It means that people in recovery get stressed easily. Those in recovery are typically more open-minded than the rest of society. Whether or not they want to admit it, many people in recovery rely heavily on others.
Some doctors believe that this trait is why they’re open to receiving treatment in the first place. This co-dependency makes many of them go girl or guy crazy and start many new relationships.
Lintz, who lives in Hicksville, has a story that echoes across Long Island and the United States: She was, she said, raised in a good family with parents who loved her and her three younger sisters.
And yet she always struggled with ADHD and anxiety. "When I first started drinking in excess, at 14 or 15, I was always just trying to get out of myself.
But when she saw she "couldn't change him," she decided to try them and see "what the hell was so good about them.
From that first painkiller, Percocet, I was addicted.
"The 'medicine" wasn't there and I had nothing to help me cope with life, I was left to my own devices. "My family is a huge part of my story, my recovery." Out of jail, on top of trying to stay clean with no outlets and no meetings, Lintz said she "begged the court" to send her to rehab as a condition of her sentence. I really just needed help, someone to say they would send me to rehab." That moment, she said, was what ultimately led her to begin speaking on addiction in order to shed light on the realities that are faced by addicts who are trying to find a way out of the darkness.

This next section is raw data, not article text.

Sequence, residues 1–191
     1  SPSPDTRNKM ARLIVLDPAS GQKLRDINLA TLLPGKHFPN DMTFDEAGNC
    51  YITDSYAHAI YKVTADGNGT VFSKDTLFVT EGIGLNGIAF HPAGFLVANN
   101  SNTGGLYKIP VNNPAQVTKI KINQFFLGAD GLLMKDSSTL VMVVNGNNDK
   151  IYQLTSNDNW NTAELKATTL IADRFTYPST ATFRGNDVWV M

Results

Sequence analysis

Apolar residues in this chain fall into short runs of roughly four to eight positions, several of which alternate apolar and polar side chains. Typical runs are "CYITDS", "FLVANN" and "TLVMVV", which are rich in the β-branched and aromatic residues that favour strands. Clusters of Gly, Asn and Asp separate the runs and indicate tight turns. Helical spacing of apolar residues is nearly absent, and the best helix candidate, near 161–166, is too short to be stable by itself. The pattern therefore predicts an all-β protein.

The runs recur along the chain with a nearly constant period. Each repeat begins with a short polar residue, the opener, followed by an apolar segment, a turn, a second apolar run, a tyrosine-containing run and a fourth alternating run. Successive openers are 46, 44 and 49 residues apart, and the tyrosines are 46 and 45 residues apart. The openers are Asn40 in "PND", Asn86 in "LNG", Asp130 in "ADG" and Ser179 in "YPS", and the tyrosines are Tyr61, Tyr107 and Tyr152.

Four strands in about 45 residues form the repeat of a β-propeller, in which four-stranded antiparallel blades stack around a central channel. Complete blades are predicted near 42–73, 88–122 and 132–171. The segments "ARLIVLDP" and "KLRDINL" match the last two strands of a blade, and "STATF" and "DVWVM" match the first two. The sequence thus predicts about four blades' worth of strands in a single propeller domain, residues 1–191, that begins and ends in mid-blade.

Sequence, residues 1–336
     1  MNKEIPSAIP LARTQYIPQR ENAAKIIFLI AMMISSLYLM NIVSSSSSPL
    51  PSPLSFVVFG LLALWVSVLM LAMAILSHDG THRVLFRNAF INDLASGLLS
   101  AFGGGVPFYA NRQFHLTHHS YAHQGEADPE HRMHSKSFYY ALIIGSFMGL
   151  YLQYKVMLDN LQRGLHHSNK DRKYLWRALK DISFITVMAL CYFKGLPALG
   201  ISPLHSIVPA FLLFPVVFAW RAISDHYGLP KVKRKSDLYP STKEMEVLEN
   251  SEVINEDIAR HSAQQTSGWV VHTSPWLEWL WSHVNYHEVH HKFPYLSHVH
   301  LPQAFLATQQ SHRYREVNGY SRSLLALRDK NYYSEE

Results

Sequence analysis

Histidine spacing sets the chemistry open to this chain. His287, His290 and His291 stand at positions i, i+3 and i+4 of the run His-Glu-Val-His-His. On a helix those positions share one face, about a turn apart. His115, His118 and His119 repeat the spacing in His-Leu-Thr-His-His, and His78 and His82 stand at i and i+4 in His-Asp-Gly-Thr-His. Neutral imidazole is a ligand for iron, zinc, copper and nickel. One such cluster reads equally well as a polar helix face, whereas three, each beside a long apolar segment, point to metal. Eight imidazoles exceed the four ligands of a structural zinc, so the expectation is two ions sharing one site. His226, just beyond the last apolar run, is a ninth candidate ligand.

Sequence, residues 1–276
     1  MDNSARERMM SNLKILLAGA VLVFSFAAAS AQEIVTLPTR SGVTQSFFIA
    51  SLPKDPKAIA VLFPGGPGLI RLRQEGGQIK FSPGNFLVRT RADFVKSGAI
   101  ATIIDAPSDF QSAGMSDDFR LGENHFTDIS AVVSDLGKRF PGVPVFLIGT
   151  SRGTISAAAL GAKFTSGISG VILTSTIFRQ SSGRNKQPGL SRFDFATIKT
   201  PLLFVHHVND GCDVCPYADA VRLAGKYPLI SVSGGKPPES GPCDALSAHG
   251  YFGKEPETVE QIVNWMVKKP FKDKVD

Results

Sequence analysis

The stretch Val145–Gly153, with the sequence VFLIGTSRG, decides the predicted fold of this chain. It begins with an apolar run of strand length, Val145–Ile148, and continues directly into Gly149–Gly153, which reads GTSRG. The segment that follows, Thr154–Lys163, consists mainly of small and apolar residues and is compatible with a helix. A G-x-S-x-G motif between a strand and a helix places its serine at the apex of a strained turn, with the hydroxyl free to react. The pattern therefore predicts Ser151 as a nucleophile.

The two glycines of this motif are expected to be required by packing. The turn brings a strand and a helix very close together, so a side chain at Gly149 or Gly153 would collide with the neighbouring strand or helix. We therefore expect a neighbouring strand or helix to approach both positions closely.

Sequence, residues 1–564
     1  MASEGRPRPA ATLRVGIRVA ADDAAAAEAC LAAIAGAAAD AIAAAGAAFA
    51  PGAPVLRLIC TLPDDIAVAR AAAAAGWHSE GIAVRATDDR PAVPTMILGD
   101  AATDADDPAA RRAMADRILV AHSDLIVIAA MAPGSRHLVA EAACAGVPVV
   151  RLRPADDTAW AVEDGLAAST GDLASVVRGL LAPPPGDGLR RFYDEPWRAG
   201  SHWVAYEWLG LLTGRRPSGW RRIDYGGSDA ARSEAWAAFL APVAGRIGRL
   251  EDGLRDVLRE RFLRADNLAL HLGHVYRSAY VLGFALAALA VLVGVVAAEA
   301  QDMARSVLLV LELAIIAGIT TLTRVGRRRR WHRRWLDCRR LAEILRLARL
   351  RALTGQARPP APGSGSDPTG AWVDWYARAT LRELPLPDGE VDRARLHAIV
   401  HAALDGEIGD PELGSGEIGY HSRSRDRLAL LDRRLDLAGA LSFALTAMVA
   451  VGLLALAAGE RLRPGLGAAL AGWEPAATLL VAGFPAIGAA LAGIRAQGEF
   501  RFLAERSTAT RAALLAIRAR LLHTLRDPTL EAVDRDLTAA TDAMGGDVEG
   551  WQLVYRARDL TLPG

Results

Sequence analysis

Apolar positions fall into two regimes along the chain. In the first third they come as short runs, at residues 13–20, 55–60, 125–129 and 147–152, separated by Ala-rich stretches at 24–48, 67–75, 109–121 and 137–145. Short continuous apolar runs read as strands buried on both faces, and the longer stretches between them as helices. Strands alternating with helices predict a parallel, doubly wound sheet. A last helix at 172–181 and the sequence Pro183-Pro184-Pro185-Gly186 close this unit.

For instance, being supportive can be helpful in almost any relationship, but especially when dating someone in recovery. Help them solve their problems and provide emotional support. In a relationship, it’s essential for lovers to refrain from being judgmental.
When arguments occur, don’t throw their addiction in their face.
I wasn't taking the suggestions from meetings or looking for spirituality." Lintz said she later met another man with whom she used drugs. But because her charge was robbery- and not drug-related, that option was not considered. Lintz said she was sentenced to five years of probation after her violent felony charge and her driver's license was revoked.
Once again, she said, her family rallied to her side, paying for rehab because her insurance didn't cover in-patient treatment.